He asks his planners to conduct feasibility studies for the construction of new pipelines. The goal is to maximise the proportion of Russian gas exports that can be directed eastwards; while ensuring that there are no conceivable situations where dependence on European export markets could expose Russia to political pressure.

What do his planners tell him? Do they say that his goals are largely unfeasible, because too high a proportion of the country's gas deposits are in the wrong place? Do they say it is largely feasible, but at a very high cost? If so, what order of cost would be at issue, and can we envisage any future Russian administration paying it?

A fundamental issue in all this is how far we can regard energy relations between Europe and Russia as purely a matter of market economics. Insofar as we can, we can treat European energy security as a matter which can be insulated from the quality of political relationships with Russia. Insofar as we cannot, we are necessarily to a considerable degree in a mercantilist world, where economic considerations and political are necessarily intertwined.
Another point to bring up is whether energy projects pursued for security/political reasons (e.g. governments) need to be paid for by private odmpanies or whether governments should pay for expensive projects that can't be recouped from the marketplace. US pushed for BTC line for years but it wasn't built until BP felt there was enough oil to be shipped through it that would make economic sense (and higher oil prices helped too).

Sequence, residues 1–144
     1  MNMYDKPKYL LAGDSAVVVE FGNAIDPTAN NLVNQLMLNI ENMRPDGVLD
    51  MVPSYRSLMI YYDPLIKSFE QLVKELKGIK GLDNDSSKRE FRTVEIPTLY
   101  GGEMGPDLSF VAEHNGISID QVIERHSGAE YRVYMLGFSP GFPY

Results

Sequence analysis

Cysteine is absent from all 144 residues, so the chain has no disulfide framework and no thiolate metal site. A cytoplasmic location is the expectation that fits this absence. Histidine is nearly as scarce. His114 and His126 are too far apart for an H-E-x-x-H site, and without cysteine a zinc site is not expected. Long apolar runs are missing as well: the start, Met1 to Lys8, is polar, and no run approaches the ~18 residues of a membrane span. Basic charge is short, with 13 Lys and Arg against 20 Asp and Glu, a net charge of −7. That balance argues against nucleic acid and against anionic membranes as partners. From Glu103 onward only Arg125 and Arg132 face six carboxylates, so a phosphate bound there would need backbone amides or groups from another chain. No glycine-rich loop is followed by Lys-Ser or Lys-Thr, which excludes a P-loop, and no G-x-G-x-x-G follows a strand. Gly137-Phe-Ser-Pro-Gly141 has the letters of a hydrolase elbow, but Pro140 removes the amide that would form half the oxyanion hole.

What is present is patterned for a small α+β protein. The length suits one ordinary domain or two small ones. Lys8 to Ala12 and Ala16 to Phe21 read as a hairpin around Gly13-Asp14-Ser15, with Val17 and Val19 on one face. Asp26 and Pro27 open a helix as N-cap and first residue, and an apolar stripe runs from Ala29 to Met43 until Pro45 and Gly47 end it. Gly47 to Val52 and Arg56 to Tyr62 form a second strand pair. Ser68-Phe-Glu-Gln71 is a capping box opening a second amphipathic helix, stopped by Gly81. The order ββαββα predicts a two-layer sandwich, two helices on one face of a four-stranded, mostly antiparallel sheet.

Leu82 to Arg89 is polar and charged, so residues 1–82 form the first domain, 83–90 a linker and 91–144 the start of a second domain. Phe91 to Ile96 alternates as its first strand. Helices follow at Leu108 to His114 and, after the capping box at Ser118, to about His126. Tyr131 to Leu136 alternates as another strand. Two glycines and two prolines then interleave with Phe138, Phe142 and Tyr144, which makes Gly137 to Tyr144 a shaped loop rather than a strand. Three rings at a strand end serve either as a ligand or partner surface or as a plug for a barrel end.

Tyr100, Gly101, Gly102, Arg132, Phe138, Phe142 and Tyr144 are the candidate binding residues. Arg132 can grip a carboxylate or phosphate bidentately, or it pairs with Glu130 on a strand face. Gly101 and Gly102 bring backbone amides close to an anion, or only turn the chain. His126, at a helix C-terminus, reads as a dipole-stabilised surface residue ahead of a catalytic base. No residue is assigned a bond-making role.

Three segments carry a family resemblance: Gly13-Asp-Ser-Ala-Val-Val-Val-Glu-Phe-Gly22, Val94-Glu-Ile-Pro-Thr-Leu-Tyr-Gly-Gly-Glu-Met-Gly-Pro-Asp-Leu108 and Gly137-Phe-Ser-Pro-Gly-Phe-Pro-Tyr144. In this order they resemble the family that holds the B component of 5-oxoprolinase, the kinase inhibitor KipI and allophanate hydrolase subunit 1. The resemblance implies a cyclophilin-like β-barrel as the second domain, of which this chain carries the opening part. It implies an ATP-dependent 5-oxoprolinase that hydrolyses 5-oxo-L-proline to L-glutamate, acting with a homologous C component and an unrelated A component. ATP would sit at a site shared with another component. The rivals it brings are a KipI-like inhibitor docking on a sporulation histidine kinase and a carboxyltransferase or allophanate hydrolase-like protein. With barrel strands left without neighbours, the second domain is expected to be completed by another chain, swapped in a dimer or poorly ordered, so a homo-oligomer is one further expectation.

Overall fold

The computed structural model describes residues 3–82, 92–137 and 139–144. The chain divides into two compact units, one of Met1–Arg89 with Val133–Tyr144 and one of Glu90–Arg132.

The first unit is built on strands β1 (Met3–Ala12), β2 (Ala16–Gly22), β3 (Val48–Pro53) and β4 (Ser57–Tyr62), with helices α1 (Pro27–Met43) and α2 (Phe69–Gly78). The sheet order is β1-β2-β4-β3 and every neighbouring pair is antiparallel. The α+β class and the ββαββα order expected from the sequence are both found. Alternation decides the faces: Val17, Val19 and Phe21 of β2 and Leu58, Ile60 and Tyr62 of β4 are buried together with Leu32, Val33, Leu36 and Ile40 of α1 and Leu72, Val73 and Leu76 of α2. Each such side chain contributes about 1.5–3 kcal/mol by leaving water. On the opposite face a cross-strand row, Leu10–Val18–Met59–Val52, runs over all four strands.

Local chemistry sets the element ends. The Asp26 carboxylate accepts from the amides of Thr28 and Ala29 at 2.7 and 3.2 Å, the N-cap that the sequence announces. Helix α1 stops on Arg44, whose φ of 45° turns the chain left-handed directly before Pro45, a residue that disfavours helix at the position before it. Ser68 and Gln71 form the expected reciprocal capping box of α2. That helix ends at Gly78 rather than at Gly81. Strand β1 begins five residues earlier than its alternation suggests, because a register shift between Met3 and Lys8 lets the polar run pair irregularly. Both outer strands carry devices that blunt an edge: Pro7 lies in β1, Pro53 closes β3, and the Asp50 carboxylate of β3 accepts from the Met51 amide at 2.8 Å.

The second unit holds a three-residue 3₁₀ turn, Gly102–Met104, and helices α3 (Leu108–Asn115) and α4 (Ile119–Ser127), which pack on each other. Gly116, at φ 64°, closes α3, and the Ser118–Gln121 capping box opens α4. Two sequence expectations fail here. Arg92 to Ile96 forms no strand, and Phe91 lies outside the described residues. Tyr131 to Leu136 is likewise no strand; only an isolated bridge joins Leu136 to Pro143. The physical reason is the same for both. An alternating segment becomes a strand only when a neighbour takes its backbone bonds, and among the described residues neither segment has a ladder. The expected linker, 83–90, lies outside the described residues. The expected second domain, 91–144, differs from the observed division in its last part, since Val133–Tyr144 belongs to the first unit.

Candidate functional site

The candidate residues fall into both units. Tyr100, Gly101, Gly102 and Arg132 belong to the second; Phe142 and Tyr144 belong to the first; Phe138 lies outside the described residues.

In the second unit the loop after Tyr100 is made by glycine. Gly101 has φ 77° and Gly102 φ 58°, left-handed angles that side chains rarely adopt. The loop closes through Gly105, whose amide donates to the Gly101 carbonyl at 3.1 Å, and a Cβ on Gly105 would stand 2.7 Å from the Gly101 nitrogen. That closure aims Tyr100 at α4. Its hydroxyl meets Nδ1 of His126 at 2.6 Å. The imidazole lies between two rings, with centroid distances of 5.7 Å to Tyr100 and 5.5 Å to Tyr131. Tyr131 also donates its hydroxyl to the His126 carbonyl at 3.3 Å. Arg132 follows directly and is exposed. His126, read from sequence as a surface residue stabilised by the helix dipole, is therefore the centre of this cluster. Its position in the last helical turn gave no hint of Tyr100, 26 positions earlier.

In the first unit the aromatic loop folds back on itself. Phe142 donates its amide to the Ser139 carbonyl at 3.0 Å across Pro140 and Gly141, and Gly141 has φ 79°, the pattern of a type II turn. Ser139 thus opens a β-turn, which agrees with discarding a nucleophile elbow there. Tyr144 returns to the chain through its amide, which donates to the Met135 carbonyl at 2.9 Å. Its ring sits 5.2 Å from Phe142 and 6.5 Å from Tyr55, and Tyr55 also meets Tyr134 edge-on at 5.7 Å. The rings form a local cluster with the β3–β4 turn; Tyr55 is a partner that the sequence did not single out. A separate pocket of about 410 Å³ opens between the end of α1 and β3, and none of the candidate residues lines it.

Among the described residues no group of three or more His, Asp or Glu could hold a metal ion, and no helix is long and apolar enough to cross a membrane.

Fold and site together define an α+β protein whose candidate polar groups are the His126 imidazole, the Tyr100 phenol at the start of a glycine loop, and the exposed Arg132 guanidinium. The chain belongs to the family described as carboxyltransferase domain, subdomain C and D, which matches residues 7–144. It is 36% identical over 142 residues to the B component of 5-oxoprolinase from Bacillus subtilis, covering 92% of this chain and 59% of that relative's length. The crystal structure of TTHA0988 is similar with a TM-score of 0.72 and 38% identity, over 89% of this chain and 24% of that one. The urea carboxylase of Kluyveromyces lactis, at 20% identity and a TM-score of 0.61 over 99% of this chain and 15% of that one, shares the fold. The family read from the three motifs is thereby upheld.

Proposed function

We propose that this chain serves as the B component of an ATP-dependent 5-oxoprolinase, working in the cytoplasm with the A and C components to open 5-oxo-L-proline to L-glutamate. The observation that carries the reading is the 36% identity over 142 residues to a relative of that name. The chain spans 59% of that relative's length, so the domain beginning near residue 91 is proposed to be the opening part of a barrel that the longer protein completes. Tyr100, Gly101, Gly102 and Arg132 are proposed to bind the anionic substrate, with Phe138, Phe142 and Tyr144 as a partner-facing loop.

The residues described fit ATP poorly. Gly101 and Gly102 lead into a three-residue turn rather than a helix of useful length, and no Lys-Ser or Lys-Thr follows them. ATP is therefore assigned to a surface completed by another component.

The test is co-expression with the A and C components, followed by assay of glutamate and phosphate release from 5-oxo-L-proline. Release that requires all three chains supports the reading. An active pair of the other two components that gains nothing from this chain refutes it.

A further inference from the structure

Do Iran, Iraq, Saudi Arbaia, Kuwait, Qatar, and Venezuela have a right to decide not to sell their oil?

What would the US, EU< Chinese, and Indian responses be?

If Central Europe has to pay German, Bulgarian, and Greek middlemen for Russian energy, they will bleat about "Russian Imperialism", and pay the middleman their price, or find a lower cost supplier if they can. Their energy supplies would still be available, and it would be up to them to do what independent countries do. That is, pay for their energy imports, along with the applicable tranport and other costs.

US pressure on Russia in this case? I'm afraid that Mr. Putin learned very well the lesson we taught Boris Yeltsin: Rely on the Americans for nothing, and they won't disappoint you. Give 'em a chance, and they'll screw you hard.

Mr. Putin has systematically eliminated the leverage we have on Russia, which is the fundamental reason the USG is upset with him. I'm sure Mr. Putin will be polite. He'll also refuse to do as we ask.

"An issue which puzzles me is how far considerations of geography limit the extent to which Russia can move away from dependence on gas exports to Europe."

Not very. The fact is, Russia has no need to sustain the present volume of energy exports. They could cut it in half, and still have a current account surplus, considering the world price per unit whould rise sharply on the news.

Fact is, the West needs Russia far more than Russia needs the West. The '90s taught Russians that the West dosen't care whether they live or die. The Russians are now in a position to reciprocate.